Publisher's Note: This post appears here courtesy of the The Daily Wire. The author of this post is Zach Jewell.
New York will begin deliberations on reparations for slavery after Democratic Governor Kathy Hochul signed legislation Tuesday creating a commission to consider the race-based payments.
In June, New York lawmakers passed a bill that called for a nine-member commission to "examine the institution of slavery"
and "make determinations regarding compensation."
Three of the task force members will be appointed by the governor, three by the state Assembly, and three by the state Senate, according to the bill. The commission will have a year to submit a written report on its findings and recommendations to the state legislature, the bill stipulates.
"In New York, we like to think we're on the right side of this. Slavery was a product of the South, the Confederacy,"
said Hochul, who was flanked by social justice activist Al Sharpton at the bill signing ceremony, the Associated Press reported. "What is hard to embrace is the fact that our state also flourished from that slavery. It's not a beautiful story, but indeed it is the truth."
New York joins other Democrat-led states that have established reparations commissions after California was the first to do so in 2020 followed by Illinois. California's reparations task force determined that the state was responsible for dishing out over $500 billion to black Americans even though slavery was illegal in California when it joined the Union in 1850.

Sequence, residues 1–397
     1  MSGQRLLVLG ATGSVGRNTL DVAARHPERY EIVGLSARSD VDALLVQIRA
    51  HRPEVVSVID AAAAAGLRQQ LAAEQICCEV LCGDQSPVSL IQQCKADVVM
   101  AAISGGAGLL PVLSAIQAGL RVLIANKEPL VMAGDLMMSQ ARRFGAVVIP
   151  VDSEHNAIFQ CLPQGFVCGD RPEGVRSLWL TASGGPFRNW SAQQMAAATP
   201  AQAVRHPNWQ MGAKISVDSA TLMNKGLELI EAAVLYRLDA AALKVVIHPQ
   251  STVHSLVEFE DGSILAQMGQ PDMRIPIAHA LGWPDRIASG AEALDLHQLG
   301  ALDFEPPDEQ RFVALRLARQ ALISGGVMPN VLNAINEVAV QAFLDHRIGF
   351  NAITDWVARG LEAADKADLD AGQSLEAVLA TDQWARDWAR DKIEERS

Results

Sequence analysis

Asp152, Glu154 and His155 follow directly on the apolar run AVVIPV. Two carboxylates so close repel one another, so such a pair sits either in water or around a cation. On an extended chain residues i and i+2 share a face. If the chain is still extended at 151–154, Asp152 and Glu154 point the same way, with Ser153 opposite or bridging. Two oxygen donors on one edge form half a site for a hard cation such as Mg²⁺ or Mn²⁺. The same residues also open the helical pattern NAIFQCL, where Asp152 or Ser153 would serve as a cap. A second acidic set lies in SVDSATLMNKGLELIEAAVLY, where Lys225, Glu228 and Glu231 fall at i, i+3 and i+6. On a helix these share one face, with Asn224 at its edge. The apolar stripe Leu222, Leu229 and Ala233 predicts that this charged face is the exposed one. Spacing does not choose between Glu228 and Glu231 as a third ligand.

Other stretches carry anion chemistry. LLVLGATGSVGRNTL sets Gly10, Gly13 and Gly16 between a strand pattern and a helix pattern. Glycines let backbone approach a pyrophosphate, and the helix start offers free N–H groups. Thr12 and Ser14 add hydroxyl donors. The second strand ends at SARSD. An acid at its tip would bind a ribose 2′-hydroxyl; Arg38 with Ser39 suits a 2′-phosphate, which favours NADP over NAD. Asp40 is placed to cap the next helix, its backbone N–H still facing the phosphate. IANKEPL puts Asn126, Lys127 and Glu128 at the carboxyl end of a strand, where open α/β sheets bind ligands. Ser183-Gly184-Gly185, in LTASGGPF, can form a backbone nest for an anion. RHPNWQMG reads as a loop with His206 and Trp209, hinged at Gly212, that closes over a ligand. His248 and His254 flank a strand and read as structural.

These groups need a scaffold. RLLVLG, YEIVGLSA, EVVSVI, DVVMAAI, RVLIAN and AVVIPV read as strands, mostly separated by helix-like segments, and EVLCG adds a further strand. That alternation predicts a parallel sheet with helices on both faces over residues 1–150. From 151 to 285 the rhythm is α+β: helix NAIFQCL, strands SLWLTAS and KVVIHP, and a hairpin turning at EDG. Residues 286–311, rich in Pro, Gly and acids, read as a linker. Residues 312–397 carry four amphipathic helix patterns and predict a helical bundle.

The task force also approved a plan that suggested paying up to $1.2 million to black residents who descended from slaves or free African Americans who lived in the U.S. before 1900, and the state legislature is expected to look into the recommendations.
In New York, State Senate Republican leader Rob Ortt said that the commission's recommendations would come at an "astronomical cost"
to taxpayers and argued that reparations have already been paid.
"The reparations of slavery were paid with the blood and lives of hundreds of thousands of Americans who fought to end slavery during the Civil War,"
Along with the state of California, some cities across the country put together task forces in a renewed push for reparations which came in the aftermath of George Floyd's death and the ensuing demonstrations and riots in 2020. In Detroit, two members of the city's Reparations Task Force - including one of the co-chairs - stepped down earlier this month, citing their growing frustration over the "lack of progress"
and a missing "broad strategic vision"
less than a year after the group was formed.
"I think, collectively, that group of people has different ideas about what reparations is fundamentally and we didn't get to a place where we had a broad strategic vision,"
said former task force co-chair Lauren Hood.